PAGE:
Flexibility of payment term
Flexibility of the repayment term is of little concern in the case of interest only mortgages, as it does not produce monthly cost savings. However, it is of particular concern when looking at capital and interest mortgages. For instance will you be charged a fee if the term is altered? What is the maximum term available? Is it restricted to your retirement age? Can the term be reduced if more rapid capital repayment is desired? If you get into financial trouble through working shorter hours or being temporarily laid-off, a sympathetic and flexible approach by the lender will be all-important in helping overcome such short-term difficulties.

Overall APR
Annual Percentage Rate (APR) is the total cost of borrowing, and takes into account the nominal rate of interest and whether interest is charged annually, monthly, quarterly, daily or on some other basis. The added costs and fees associated with arranging the loan are normally also built into the overall borrowing rate. The APR, therefore, is at a higher rate than the annual rate at which interest is actually charged on the loan. Looking at the APRs of different providers/products is a good way of providing a direct and fair comparison of costs, since the method of calculation is laid down in the Consumer Credit Act 1974. It is possible to compare the total amount payable by the end of the term. These are important comparisons if you are concerned about the total cost of the loan as well as the monthly outlay.

Cost of repayment vehicles for an interest only mortgage
Cost is almost always the major consideration at outset. Endowment policies range from the most expensive, full with-profits endowment, to low cost endowments. Full with-profits policies guarantee repayment of the loan in full plus the chance of a healthy tax-free payment on top. Low cost endowments provide only a basic sum assured guaranteed on death, with a hope of additional payment if bonus rates hold up. The growth rates at which providers can project future benefits are laid down, and reviewed regularly, by regulators. One of the important considerations to bear in mind in relation to a pension mortgage is that the premium always tends to be higher than ISA or endowment comparisons. This is because only 25% of the projected fund at retirement is allowed to be taken as cash to repay the mortgage. Thus, 75% of the premium goes towards the provision of the actual pension post-retirement. Whilst the actual overall proceeds are much higher than the alternatives, the cost along the way is correspondingly greater. Pension and ISA options carry with them the added cost of life assurance to cover the repayment of the mortgage on the death of the borrower.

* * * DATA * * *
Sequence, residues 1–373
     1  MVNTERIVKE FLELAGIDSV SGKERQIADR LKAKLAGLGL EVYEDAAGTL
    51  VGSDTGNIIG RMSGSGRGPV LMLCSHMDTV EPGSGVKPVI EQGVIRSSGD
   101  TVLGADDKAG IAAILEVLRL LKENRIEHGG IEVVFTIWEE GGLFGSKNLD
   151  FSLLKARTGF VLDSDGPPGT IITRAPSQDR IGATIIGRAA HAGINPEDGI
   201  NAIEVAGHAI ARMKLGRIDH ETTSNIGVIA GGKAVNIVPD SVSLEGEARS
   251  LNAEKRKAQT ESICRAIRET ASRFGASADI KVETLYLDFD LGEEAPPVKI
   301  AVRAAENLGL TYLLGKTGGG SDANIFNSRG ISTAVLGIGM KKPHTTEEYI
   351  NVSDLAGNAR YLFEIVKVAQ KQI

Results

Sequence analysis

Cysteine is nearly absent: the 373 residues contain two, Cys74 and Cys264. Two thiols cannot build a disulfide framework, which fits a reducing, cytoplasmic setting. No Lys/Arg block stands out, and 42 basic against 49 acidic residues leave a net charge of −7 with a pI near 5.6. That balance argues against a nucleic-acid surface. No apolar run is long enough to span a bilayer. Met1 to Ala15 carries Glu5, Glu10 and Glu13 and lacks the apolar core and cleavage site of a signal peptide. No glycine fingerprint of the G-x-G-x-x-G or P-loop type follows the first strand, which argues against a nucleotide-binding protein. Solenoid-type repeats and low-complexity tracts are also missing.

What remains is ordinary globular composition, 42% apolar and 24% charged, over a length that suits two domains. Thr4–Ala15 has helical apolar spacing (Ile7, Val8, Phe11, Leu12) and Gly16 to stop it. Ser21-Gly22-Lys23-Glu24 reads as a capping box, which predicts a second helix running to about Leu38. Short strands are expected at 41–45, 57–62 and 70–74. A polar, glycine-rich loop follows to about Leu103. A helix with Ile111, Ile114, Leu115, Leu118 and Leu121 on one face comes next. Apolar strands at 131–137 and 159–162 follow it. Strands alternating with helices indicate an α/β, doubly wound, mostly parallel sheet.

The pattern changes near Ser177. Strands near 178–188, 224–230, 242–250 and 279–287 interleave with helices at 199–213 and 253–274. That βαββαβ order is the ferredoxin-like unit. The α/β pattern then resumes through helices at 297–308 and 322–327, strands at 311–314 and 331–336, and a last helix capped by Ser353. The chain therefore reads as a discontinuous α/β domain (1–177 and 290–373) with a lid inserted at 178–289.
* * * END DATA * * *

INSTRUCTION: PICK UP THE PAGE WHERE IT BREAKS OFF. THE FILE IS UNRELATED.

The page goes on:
Term of mortgage / age of borrower
The term of the loan and your age are particularly important considerations when looking at pension mortgages as a pension policy is unable to provide any capital to repay the loan until at least age 50. For instance a first time buyer aged 22 would end up with a term of at least 28 years if the pension option was chosen. Equally, an older borrower, looking to select the endowment option, would find it comparatively more expensive than the capital and interest loan because of the enhanced costs of the life cover related to the policy. Whichever method of repayment is selected, the shorter the term, the more expensive will be the monthly cost. Pension and ISA contributions look more attractive over longer terms as the tax incentives have a compounding effect on the investment returns in the fund and will, therefore, generally become more competitive than the endowment options.


Your home may be repossessed if you do not keep up repayments on your mortgage.
 
 
If we charge a fee for arranging a contract for you, the amount payable will be based on 0.35% of the value of the loan applied for, with a minimum of £500. In a small number of circumstances, it may be necessary for us to charge a higher fee. This will be agreed with you in writing prior to any chargeable work commencing.